West Punjab

West Punjab was a province of Pakistan from 1947 to 1955. The province covered an area of 205,344 km2 (79,284 sq mi), including much of the current Punjab province and the Islamabad Capital Territory, but excluding the former princely state of Bahawalpur. The capital was the city of Lahore and the province was composed of four divisions (Lahore, Sargodha, Multan and Rawalpindi). The province was bordered by the Indian states of East Punjab and Jammu and Kashmir to the east, the princely state of Bahawalpur to the south, the provinces of Balochistan and Sind to the southwest, Khyber-Pakhtunkhwa to the northwest, and Azad Kashmir to the northeast.

West Punjab
مغربی پنجاب
Former Province of Pakistan
14 August 1947–14 October 1955
205,344 km2 (79,284 sq mi)
• Established
14 August 1947
• Disestablished
14 October 1955
Preceded by
Succeeded by
Punjab Province (British India)
West Pakistan
Government of Punjab


The Independence of Pakistan in 1947 led to the division of the Punjab Province of British India into two new provinces. The largely Sikh and Hindu East Punjab became part of the new nation of India while the largely Muslim West Punjab became part of the new nation of the Dominion of Pakistan. The name of the province was shortened to Punjab in 1950. West Punjab was merged into the province of West Pakistan in 1955 under the One Unit policy announced by Prime Minister Chaudhary Muhammad Ali. When that province was dissolved, the area of the former province of West Punjab was combined with the former state of Bahawalpur to form a new Punjab Province.


At Independence there was a Muslim majority in West Punjab with significant Hindu and Sikh minority. Nearly all of these minorities left West Punjab for India, to be replaced by large numbers of Muslims fleeing from the opposite direction. The official language of West Punjab was Urdu but most of the population spoke Punjabi. The linguist George Abraham Grierson in his multi volume Linguistic Survey of India (1904–1928) considered the various dialects up to then called "Western Punjabi", spoken in North, West, and South of Lahore in what is now Pakistani Punjab, as constituting instead a distinct language from Punjabi. (The local dialect of Lahore is the Majhi dialect of Punjabi, which has long been the basis of standard literary Punjabi.) Grierson proposed to name this putative language "Lahnda", and he dubbed as "Southern Lahnda" the coherent dialect cluster now known as Saraiki spoken in Multan Dera Ghazi Khan and Bahawalpur division and "North Lahnda" now known as Potwari spoken in Rawalpindi division and "Western Lahnda" now known as Hindko spoken in the regions bordering Khyber-Pakhtunkhwa.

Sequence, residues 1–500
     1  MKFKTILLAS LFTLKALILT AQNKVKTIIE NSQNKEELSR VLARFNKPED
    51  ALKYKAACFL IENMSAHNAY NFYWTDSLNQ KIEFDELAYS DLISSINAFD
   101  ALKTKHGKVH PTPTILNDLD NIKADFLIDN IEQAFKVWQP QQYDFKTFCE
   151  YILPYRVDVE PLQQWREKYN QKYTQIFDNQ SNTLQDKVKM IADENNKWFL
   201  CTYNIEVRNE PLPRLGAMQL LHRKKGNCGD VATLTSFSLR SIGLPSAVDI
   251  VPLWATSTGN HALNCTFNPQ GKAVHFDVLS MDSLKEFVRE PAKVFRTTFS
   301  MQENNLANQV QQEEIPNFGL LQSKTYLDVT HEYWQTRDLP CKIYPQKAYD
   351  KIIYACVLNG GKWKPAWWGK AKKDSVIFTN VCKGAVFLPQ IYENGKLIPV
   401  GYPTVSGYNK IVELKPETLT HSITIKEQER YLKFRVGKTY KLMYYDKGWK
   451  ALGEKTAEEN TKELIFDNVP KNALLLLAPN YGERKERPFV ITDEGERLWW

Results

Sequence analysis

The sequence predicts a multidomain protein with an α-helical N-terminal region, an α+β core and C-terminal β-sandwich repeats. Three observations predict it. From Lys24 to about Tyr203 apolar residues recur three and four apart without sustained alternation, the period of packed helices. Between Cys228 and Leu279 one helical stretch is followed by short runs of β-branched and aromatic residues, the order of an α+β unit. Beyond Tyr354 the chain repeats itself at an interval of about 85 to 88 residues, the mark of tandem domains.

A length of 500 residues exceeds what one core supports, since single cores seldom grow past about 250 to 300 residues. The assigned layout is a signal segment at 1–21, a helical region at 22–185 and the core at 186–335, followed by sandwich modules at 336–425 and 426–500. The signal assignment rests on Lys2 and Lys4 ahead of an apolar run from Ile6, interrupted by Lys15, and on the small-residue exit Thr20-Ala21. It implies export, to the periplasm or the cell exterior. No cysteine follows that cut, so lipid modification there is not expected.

The offices of Governor of West Punjab and Chief Minister of West Punjab lasted from 15 August 1947, until 14 October 1955. The first Governor was Sir Francis Mudie with Iftikhar Hussain Khan as the first Chief Minister. Both offices were abolished in 1955, when the province of West Pakistan was created. The last Governor of West Punjab, Mushtaq Ahmad Gurmani, became the first Governor of West Pakistan.

Tenure Governor of West Punjab[1]
15 August 1947 – 2 August 1949 Sir Francis Mudie
2 August 1949 – 24 November 1951 Sardar Abdur Rab Nishtar
24 November 1951 – 2 May 1953 Ismail Ibrahim Chundrigar
2 May 1953 – 24 June 1954 Mian Aminuddin
26 September 1954 – 26 November 1954 Habib Ibrahim Rahmatullah
27 November 1954 – 14 October 1955 Mushtaq Ahmad Gurmani
14 October 1955 Province of West Punjab dissolved
Tenure Chief Minister of West Punjab[1] Political Party
15 August 1947 – 25 January 1949 Iftikhar Hussain Khan
25 January 1949 – 5 April 1952 Governor's Rule
5 April 1952 – 3 April 1953 Mian Mumtaz Daultana Pakistan Muslim League
3 April 1953 – 21 May 1955 Malik Firoz Khan Nun Pakistan Muslim League
21 May 1955 – 14 October 1955 Abdul Hamid Khan Dasti
14 October 1955 Province of West Punjab dissolved

Contemporary usageEdit

Today the term Western Punjab is used in Pakistan to describe the whole part of Pakistan's Punjab province except the Lahore/Central Region,[2] while in India it is often used to refer to the entire Pakistani Punjab.[3]

See alsoEdit


  1. ^ a b Ben Cahoon, WorldStatesmen.org. "Pakistan Provinces". Retrieved 3 October 2007.
  2. ^ The political divides within – Dawn
  3. ^ Excavated Sites – Government of Punjab (India)

External linksEdit

Coordinates: 31°00′N 72°00′E / 31.000°N 72.000°E / 31.000; 72.000